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How much RAM is enough for a 'basic' user on a Mac?


Well-known member
Oct 3, 2010
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So what do you think? How much is enough. A lot of people say that maybe a basic user doesn't need quite as much as much RAM as a more advanced user. Well for me I deal with Windows more than Mac's in work but it really applies for both. I get calls all the time, my computer is running slow and I don't know why. Well when you take a look and they have a crazy amount of things running on their computer this may be the reason.

So is a small about of RAM really enough for the basic user or should all RAM be bumped up just to make things easier. I hear so often, "get what you can afford". Well for me I have learned from that, I get what I want to get, if I have to wait a bit and save more money than thats what I do. Too many times I regret getting what I can afford at the time.

So what does everyone think?


Ambassador Team Leader, Senior Moderator
Jan 8, 2012
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4 gigabytes should be sufficient for any basic user on a Mac, in my opinion. I am using that amount on a MaBook that's nearly 5 years old and running OS X Mavericks with ease. Having said that, I don't play any games on it.


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Dec 26, 2012
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For the non-upgradable Macs, maxing out RAM is the best "investment" and choice. In your examples above, running many active apps often create high CPU context switching levels, and on systems with the minimum vendor recommended RAM; memory page and cache misses which in turn generate page swapping, and in turn paging to disk if the combined OS and app memory utilization and "pressure" begin to exceed what the physical RAM can support.

So if I were buying a new MBA today, I'd go for 8GB knowing that I'll have less or no swapping or misses under normal usage conditions. And the likelihood that the MBA will work well across more than one major OS release is much higher (under the premise that future OS releases will require more system resources like RAM).


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Feb 2, 2012
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Get as much as you can afford. This is the thing that will be lacking as the Mac ages.

Tappin and Talkin from my iPhone 5


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Apr 22, 2013
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2 GB is fine really but if you really get carried away with multitasking or have sloppy browser habits you'll appreciate the 4.

We have long surpassed the point where quality media PCs are cheap and affordable. It's not like in 2007 where you had to break out the piggy bank if you wanted a quality media-consumption machine.

Nice thing with OS X is that since the Apple software is more or less optimized for the limited number of builds, it's easier to get away with a smooth experience on low end Apple tech (even the entry-level Mac Mini is a solid performer) compared to buying any old Windows clunker. Although even Windows isn't that bad anymore...assuming you don't have a problem doing a clean install. And, well, probably adding a SSD aftermarket.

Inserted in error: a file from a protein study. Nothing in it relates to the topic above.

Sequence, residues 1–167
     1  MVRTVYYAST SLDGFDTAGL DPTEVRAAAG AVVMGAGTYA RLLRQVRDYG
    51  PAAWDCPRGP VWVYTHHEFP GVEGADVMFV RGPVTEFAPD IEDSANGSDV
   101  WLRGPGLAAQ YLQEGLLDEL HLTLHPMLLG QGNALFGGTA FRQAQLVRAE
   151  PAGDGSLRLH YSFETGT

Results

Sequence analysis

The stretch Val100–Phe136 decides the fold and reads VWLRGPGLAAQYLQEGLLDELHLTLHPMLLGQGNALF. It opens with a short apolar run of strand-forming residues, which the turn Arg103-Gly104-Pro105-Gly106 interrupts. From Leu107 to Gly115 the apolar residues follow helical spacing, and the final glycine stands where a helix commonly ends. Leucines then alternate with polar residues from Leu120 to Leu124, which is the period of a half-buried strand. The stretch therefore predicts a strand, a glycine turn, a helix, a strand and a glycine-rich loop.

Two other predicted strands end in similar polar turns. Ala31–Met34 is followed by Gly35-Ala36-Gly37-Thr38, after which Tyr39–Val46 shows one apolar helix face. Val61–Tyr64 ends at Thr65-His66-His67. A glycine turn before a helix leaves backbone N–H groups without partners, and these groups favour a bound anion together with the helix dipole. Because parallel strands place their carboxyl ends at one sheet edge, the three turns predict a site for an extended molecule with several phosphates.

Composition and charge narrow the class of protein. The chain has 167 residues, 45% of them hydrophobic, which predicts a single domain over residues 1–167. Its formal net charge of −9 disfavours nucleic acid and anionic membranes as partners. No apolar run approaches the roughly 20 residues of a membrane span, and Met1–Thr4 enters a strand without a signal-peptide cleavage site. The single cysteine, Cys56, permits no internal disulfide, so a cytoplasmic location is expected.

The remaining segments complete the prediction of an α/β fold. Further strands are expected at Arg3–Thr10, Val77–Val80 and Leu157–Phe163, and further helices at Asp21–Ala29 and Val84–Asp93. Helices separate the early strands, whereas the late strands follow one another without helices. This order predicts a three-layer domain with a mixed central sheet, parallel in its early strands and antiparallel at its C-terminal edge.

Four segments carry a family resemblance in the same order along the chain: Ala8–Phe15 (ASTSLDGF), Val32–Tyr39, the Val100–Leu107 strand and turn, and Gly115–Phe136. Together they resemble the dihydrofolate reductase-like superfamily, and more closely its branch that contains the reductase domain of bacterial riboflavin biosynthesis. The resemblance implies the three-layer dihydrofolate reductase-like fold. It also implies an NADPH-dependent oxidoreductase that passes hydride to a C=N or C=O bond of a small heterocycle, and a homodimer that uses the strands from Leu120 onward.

Active member
Oct 22, 2011
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I have 4 in my mid 2011 imac and I need to upgrade it. I have 8 in my MBP and it rocks; no lag or slow down AT ALL (except when I have to run Windows in Bootcamp and then it massively slows down, but thats a windows thing).


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Jun 27, 2013
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Being as this is in the iMac section, I am going to assume you are wondering about memory for that system? If so, don't they all come with 8GB of RAM now? That is more than plenty for everyday use, even overkill I'd say. Unless you plan on gaming with it.


Feb 8, 2014
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I would say 8 minimum. Even for every day use.
I have base iMac and there are days when I see swap turned on even on just few apps turned on.
Normally it's about 6 but as I sayid there are days..
So I can even comprehend the fact that Apple is still selling air with 4 gigs.

Sent from my iPhone using Tapatalk


Well-known member
Jun 26, 2014
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8 GB is great for pretty much anything, but the more RAM, the better in my opinion. If all you do is just browse web, email, and do basic word processing, you don't really need any more than 4 GB. :)


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Jul 12, 2012
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Any new Windows computer we buy at work now has a minimum of 8GB of RAM. The cost different between ordering 4GB and 8GB in a new computer is negligible compared to support after the fact and the "my computer is slow" troubleshooting. If we order a Mac for someone we max out the RAM by default because they cannot be upgraded later. Im sitting here with 16GB of RAM in my work Macbook Pro and I still get into SWAP occasionally.


New member
Nov 1, 2014
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4GB in my early 2008 iMac and my late 2008 aluminum MacBook. Both running Yosemite with their regular HDDs. Perfectly good.